The shipping industry is connected to all industries in some way or form and as companies become more global, shipping is becoming an integral part in their day-to-day operations.
This gives us a great power to drive change internationally, but it also makes us more vulnerable than other industries to global challenges, such as corruption.
According to the United Nations, “every year $1 trillion is paid in bribes while an estimated $2.6 trillion are stolen annually through corruption – a sum equivalent to more than 5 per cent of the global GDP.” Corruption is the single greatest obstacle to economic and social development around the world.
Joining forces to stop corruption
Corruption is in large a symptom of the lack of transparency in Governing National systems. After being built in to the system for decades, it becomes an integral part of daily operations in the countries. Fighting such a system cannot be done alone. In 2012, Höegh Autoliners, Maersk Line and other shipowners decided to start working together to really make a difference against corruption in the shipping industry and the Maritime Anti-Corruption Network (MACN) was created.
Maria Hempel, Chief Compliance Officer explains:
The MACN network was designed with the idea of “strength in numbers”. When members establish strong relationships with each other, they feel more empowered again corruption, and can speak out, as they have support from those inside the network. Through joint action, MACN members work in collaboration with local authorities to develop solutions that are both beneficial to all and realistic to implement.
Collective action in Suez
The Suez Canal has been a consistent hot-spot for corruption, with Captains and crew facing regular demands for “facilitation payments” for passage or for routine services.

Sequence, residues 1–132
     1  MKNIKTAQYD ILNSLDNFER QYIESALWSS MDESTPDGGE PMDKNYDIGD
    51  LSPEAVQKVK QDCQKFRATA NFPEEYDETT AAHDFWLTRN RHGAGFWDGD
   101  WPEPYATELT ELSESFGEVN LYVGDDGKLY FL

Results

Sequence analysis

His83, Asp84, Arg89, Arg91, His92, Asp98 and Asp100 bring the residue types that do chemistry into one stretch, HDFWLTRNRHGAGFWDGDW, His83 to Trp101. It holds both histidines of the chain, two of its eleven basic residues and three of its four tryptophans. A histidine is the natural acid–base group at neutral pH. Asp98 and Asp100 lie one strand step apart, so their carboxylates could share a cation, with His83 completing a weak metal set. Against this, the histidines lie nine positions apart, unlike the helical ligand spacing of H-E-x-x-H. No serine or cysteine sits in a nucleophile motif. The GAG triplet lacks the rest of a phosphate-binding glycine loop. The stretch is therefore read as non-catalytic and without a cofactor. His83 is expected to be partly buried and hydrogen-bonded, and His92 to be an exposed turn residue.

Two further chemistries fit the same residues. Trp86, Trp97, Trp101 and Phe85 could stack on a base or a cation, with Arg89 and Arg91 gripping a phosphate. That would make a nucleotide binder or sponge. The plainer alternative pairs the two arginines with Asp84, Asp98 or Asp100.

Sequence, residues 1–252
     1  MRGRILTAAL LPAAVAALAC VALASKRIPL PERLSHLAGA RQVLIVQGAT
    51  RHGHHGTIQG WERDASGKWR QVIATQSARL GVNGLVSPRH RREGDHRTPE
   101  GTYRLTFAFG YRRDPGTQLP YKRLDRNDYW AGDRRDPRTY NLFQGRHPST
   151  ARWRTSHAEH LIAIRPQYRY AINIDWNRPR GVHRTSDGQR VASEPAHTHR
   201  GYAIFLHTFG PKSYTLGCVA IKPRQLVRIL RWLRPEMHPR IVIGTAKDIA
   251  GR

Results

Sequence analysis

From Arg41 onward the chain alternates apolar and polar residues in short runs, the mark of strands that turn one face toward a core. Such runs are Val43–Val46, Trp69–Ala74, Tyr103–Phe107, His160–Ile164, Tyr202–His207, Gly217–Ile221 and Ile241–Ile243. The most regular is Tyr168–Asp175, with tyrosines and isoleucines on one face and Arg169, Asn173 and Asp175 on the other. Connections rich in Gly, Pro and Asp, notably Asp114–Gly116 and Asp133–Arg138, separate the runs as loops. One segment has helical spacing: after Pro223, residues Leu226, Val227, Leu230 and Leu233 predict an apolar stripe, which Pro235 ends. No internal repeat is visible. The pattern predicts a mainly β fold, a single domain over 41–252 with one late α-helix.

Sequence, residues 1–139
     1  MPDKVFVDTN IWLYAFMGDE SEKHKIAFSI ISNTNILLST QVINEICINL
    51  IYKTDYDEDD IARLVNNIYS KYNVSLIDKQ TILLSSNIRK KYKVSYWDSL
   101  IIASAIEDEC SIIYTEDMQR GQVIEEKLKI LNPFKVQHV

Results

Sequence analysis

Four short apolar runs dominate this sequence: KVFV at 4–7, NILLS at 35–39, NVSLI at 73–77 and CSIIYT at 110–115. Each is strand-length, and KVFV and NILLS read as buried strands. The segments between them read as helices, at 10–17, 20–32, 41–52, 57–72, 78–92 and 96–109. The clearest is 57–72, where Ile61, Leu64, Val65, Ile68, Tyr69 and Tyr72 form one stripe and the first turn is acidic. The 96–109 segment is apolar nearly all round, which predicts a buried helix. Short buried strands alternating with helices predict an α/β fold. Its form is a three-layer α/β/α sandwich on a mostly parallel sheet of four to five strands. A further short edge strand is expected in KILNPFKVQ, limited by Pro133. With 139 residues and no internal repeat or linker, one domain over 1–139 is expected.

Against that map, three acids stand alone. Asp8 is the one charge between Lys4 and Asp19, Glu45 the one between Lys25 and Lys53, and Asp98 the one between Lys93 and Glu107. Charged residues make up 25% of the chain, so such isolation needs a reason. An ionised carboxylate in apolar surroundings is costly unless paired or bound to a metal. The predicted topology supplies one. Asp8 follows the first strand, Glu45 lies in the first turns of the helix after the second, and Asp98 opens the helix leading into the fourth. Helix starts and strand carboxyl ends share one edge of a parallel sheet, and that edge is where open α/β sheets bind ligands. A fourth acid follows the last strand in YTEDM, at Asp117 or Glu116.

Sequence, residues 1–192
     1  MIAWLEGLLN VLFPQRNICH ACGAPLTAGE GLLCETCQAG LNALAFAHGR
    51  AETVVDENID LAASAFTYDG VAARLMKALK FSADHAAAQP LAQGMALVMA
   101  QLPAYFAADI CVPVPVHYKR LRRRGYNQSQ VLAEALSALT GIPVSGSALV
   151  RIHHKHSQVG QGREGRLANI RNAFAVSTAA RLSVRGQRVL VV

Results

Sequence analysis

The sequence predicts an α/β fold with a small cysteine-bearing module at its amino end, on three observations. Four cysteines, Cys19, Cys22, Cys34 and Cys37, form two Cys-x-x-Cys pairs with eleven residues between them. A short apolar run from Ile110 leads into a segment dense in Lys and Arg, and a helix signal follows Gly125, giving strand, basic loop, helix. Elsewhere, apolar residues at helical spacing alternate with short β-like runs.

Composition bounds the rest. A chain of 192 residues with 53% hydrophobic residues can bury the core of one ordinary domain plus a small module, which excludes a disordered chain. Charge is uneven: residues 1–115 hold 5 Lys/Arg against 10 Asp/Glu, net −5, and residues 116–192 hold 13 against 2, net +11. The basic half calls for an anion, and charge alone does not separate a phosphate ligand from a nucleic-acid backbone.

To tackle this challenge, MACN started a campaign in December 2015, called the “Say No” campaign, for Captains passing through the Suez Canal.
In order for our captains to be able to say no to demands for facilitation payments, they must feel supported by strong company policies and values. With the implementation of the campaign, we see that our vessels sailing the Suez Canal have had smoother transits. With the assistance of our agents, and support from the Company, the Captains find it easier to refuse demands and avoid situations of duress and threats on board.
Collective action in Nigeria
Another port where Höegh Autoliners has experienced several requests for facilitation payment since it started reporting on corruption is Lagos, Nigeria.
MACN launched its first collective action project in the country in partnership with the UN Development Program (UNDP) in 2012. In 2018, MACN further pushed for the implementation of the harmonized port and vessel clearance procedures by engaging both the international maritime community and local authorities in Nigeria. The engagement included awareness training of 1,000 government officials in the ports of Lagos (Apapa), Lagos (Tin Can), Calabar, Onne, and Port-Harcourt.
Maria says, “With the implementation of the project in Nigeria we have experienced an improved ease of operations with our Captains and crew finding it easier to refute requests for unjustified payments from officials.”
Höegh Autoliners operate in many geographical areas were corruption is still a major problem.
Even though we see many improvements in regards to facilitation payments globally, our efforts have to continue if we are to have a corruption free industry. The aim is to stop the demands. Working with MACN, provides a safe forum for engagement. Members can share best practices, create awareness of industry challenges, and collectively develop solutions for tackling bribes, facilitation payments and other forms of corruption.